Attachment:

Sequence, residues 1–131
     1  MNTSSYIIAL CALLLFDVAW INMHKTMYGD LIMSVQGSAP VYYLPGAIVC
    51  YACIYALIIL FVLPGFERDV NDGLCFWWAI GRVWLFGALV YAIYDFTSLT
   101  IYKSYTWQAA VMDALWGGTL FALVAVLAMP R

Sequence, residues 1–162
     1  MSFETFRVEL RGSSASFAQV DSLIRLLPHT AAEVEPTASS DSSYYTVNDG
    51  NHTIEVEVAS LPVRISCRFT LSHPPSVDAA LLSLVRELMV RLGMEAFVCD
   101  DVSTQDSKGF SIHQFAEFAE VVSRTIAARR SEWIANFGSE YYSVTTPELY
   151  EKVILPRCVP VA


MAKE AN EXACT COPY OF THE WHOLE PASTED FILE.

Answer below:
Sequence, residues 1–131
     1  MNTSSYIIAL CALLLFDVAW INMHKTMYGD LIMSVQGSAP VYYLPGAIVC
    51  YACIYALIIL FVLPGFERDV NDGLCFWWAI GRVWLFGALV YAIYDFTSLT
   101  IYKSYTWQAA VMDALWGGTL FALVAVLAMP R

Sequence, residues 1–162
     1  MSFETFRVEL RGSSASFAQV DSLIRLLPHT AAEVEPTASS DSSYYTVNDG
    51  NHTIEVEVAS LPVRISCRFT LSHPPSVDAA LLSLVRELMV RLGMEAFVCD
   101  DVSTQDSKGF SIHQFAEFAE VVSRTIAARR SEWIANFGSE YYSVTTPELY
   151  EKVILPRCVP VA